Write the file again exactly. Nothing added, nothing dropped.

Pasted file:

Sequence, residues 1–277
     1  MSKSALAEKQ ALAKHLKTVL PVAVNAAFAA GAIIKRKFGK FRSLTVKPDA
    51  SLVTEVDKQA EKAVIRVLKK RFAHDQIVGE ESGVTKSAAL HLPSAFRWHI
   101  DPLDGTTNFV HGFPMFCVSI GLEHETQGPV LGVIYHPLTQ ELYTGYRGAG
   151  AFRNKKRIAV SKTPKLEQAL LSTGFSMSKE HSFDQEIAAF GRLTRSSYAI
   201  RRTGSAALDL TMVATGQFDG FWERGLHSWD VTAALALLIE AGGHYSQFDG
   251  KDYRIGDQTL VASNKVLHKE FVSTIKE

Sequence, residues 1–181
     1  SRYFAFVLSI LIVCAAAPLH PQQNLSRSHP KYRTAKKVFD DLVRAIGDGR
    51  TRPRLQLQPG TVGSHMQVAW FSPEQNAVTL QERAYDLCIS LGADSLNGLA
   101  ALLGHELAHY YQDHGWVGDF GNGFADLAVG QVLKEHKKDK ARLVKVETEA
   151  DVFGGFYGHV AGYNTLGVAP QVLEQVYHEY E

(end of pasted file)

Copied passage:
Sequence, residues 1–277
     1  MSKSALAEKQ ALAKHLKTVL PVAVNAAFAA GAIIKRKFGK FRSLTVKPDA
    51  SLVTEVDKQA EKAVIRVLKK RFAHDQIVGE ESGVTKSAAL HLPSAFRWHI
   101  DPLDGTTNFV HGFPMFCVSI GLEHETQGPV LGVIYHPLTQ ELYTGYRGAG
   151  AFRNKKRIAV SKTPKLEQAL LSTGFSMSKE HSFDQEIAAF GRLTRSSYAI
   201  RRTGSAALDL TMVATGQFDG FWERGLHSWD VTAALALLIE AGGHYSQFDG
   251  KDYRIGDQTL VASNKVLHKE FVSTIKE

Sequence, residues 1–181
     1  SRYFAFVLSI LIVCAAAPLH PQQNLSRSHP KYRTAKKVFD DLVRAIGDGR
    51  TRPRLQLQPG TVGSHMQVAW FSPEQNAVTL QERAYDLCIS LGADSLNGLA
   101  ALLGHELAHY YQDHGWVGDF GNGFADLAVG QVLKEHKKDK ARLVKVETEA
   151  DVFGGFYGHV AGYNTLGVAP QVLEQVYHEY E